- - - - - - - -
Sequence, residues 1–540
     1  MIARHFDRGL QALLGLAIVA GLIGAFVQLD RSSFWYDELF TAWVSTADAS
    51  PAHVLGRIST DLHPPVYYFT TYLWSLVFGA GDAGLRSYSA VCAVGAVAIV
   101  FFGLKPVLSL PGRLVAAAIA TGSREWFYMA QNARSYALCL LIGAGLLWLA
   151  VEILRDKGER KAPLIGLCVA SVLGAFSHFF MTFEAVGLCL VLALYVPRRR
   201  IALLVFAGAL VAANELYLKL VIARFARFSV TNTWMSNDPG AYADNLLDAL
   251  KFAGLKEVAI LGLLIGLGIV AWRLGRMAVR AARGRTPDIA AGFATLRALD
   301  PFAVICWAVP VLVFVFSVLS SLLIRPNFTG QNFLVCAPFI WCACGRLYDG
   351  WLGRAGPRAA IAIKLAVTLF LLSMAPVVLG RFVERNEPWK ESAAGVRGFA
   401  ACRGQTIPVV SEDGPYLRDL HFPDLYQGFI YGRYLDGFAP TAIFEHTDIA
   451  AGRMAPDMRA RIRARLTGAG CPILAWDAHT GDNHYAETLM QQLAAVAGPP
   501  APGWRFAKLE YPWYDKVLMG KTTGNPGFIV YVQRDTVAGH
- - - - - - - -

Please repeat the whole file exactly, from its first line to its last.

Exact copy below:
Sequence, residues 1–540
     1  MIARHFDRGL QALLGLAIVA GLIGAFVQLD RSSFWYDELF TAWVSTADAS
    51  PAHVLGRIST DLHPPVYYFT TYLWSLVFGA GDAGLRSYSA VCAVGAVAIV
   101  FFGLKPVLSL PGRLVAAAIA TGSREWFYMA QNARSYALCL LIGAGLLWLA
   151  VEILRDKGER KAPLIGLCVA SVLGAFSHFF MTFEAVGLCL VLALYVPRRR
   201  IALLVFAGAL VAANELYLKL VIARFARFSV TNTWMSNDPG AYADNLLDAL
   251  KFAGLKEVAI LGLLIGLGIV AWRLGRMAVR AARGRTPDIA AGFATLRALD
   301  PFAVICWAVP VLVFVFSVLS SLLIRPNFTG QNFLVCAPFI WCACGRLYDG
   351  WLGRAGPRAA IAIKLAVTLF LLSMAPVVLG RFVERNEPWK ESAAGVRGFA
   401  ACRGQTIPVV SEDGPYLRDL HFPDLYQGFI YGRYLDGFAP TAIFEHTDIA
   451  AGRMAPDMRA RIRARLTGAG CPILAWDAHT GDNHYAETLM QQLAAVAGPP
   501  APGWRFAKLE YPWYDKVLMG KTTGNPGFIV YVQRDTVAGH